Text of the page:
How to clean sticky leather or vinyl?

There are a number of reasons why leather or vinyl may become sticky. Cleaning is worth a try, but tackiness often is a sign of a deteriorating material that may not be salvageable without niche products and much experimentation.

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What causes sticky leather?

Sticky leather could indicate any of the following:

  • body oil saturation on full-grain, semi-aniline or aniline leather. Learn more about pre-treating or extracting oil stains here;
  • excessive build-up of oil-based or silicone-based conditioners. Try cleaning with denatured alcohol or lacquer thinner;
  • or a deteriorating urethane finish on bicast (or bycast) leather. Bicast leather is split hide, meaning the lower, weaker half of the hide with no epidermis (skin surface) remaining. Urethane or polyurethane finishes are used to create a new ‘skin’ surface and are notorious for losing their shine and becoming sticky and / or delaminating, peeling and flaking like bonded leather. We have not found a fool-proof blocker to correct the issue. Leather Doctor claims to have an effective process here, but it’s not simple. Our recommendation is don’t invest too much in this material. It may be easier to find a full-grain piece second-hand that can be restored and will last much longer.

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What causes sticky vinyl?

Sticky vinyl indicates a plasticizer issue. Over time the oily plasticizers used in the production of PVC migrate to the surface. The issue may or may not be apparent until a new finish is applied which chemically reacts with the plasticizer. The solution is to clean the surface with denatured alcohol or paint thinner, and then apply a blocker that will halt the plasticizer migration. SEM® TacFree will do this, but we have not confirmed that our acrylic finishes are compatible with it. You may just want to utilize their products from start to finish in this case.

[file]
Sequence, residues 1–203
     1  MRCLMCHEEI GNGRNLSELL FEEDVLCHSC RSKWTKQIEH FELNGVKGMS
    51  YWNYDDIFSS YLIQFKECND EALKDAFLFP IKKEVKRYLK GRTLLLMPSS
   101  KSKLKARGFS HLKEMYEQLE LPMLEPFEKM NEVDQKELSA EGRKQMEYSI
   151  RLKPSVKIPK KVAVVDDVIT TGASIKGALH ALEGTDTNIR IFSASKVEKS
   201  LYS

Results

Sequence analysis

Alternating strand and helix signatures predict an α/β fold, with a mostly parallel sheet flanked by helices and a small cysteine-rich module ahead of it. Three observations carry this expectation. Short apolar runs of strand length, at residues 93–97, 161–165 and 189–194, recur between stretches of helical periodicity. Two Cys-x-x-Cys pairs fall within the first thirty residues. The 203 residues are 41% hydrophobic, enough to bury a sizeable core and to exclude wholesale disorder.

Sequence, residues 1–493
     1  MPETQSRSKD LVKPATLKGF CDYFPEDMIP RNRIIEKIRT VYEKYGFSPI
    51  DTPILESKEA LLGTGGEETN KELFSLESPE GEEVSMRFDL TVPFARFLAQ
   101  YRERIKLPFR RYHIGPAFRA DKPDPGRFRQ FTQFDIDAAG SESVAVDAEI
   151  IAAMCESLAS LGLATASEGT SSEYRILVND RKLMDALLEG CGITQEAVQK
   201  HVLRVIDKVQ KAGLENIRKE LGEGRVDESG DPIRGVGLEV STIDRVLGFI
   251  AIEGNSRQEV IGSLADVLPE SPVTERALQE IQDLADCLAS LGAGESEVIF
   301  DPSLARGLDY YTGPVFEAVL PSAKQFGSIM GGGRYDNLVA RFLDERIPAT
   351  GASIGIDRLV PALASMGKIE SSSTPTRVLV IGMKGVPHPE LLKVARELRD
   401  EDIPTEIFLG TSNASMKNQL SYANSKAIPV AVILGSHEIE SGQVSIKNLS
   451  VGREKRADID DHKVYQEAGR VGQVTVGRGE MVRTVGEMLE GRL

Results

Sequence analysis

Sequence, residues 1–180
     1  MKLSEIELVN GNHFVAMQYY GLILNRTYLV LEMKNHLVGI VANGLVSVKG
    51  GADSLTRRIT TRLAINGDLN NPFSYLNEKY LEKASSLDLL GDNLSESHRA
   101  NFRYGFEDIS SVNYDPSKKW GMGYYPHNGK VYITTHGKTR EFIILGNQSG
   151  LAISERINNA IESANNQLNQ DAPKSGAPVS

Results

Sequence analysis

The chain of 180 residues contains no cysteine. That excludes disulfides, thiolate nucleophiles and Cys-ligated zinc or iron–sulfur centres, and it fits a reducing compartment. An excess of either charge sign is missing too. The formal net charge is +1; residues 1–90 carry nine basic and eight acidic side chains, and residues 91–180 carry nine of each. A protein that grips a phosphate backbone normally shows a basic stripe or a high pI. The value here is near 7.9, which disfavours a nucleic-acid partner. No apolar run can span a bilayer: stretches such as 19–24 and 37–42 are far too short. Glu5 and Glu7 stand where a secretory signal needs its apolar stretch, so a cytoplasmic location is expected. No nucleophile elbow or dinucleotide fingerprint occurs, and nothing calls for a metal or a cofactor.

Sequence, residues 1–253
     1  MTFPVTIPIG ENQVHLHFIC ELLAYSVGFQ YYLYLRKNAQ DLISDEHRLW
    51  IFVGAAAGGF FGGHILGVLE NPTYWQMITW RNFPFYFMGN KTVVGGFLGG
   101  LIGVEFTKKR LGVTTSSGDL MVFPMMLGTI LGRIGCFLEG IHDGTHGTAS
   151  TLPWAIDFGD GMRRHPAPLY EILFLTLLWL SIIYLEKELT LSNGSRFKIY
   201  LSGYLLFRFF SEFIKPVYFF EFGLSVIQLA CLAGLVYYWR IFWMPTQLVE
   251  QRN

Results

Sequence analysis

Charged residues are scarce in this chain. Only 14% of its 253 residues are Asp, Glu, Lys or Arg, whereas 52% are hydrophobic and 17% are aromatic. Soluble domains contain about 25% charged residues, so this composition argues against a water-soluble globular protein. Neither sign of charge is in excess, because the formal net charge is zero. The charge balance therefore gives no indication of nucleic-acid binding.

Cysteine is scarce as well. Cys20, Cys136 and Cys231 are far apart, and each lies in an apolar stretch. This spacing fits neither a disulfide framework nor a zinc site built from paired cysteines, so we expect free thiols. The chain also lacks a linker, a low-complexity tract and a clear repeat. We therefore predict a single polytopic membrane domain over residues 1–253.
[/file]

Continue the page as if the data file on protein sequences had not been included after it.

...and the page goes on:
1. What kind of “Conditioner” are talking about? I did the alchohol and mineral spirits. I agree that acetone can be dangerous, so I haven’t used that yet. I have ruined plastic with acetone.

    • Most leather conditioners out there are oil or silicone based and end up altering the leather’s pH (in the case of the former) or building up into a greasy slime that attracts dirt (in the case of the latter).

  2. So in other words… I just wasted 15 minutes of my life, reading an article that doesn’t answer the question of how to correct the problem? 🙄

  3. I just bought leather furniture. I had no idea that disgusting film that I’ve seen on vinyl can also happen to leather!!! How do I prevent it from happening?

  4. White vinegar will remove the tacky surface on Vinyl. Let it soak in for 5 minutes and scrub lightly with a sponge. Rinse and repeat. Rinse once more and let air dry. It works on old vehicle steering wheels and dash boards also.

    Bonus note: White viniger is what should be used to clean electronic surfaces damaged by alkaline batteries. The vinegar will neutralize the alkaline caustic. Use a toothbrush to scrub the surfaces then rinse with water. Dry thoroughly and let set for a day in a low humidity room before installing new batteries. FYI – during manufacturing, alkaline batteries are submerged in an low acidic wash, rinsed again and then blow dried before final packageing to remove surface caustics.

    • Great to know about batteries. White vinegar is always a safe starting point, but a stronger solvent is often needed. Household white vinegar is 90-95% water with a pH around 2.5 (acidic), whereas rubbing alcohol is only 10-30% water with a pH of 6-8, making it more netural.

  5. I’ve figured out the only solution to this problem that REALLY works! Sprinkle any talc powder (I use a foot powder!) and rub it is vigorously. It looks messy at this point…do it over a sink or outside. Now, use a soft cloth to rub the excess powder off. Keep doing this, the more you do, the more it looks like the original finish. The result is the tackiness is 100% gone.

    • Amazing solution, thank you! Beware though, many talcum powders are contaminated with asbestos and are considered carinogenic. Even asbestos-free talc can irritate the nose, throat and lungs, and chronic exposure can scar the lungs and lead to shortness of breath and cough, possible disability, and even death.

  6. I have my wedding album which is vinyl and has become very tacky for so some reason. I can’t even hold it because it’s so sticky. Does anyone know the best way for me to clean it without ruining the integrity of the photo album?


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